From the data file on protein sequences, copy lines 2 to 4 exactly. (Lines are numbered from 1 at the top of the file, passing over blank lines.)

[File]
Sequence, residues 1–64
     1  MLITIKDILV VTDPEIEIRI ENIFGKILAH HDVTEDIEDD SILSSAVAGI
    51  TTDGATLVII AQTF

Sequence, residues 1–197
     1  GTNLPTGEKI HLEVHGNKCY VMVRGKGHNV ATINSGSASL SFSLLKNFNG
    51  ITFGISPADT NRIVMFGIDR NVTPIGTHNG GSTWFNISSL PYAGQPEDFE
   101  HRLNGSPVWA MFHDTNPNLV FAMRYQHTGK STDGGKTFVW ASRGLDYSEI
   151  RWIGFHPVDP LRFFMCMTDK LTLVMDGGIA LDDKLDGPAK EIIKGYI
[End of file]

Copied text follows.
     1  MLITIKDILV VTDPEIEIRI ENIFGKILAH HDVTEDIEDD SILSSAVAGI
    51  TTDGATLVII AQTF

Sequence, residues 1–197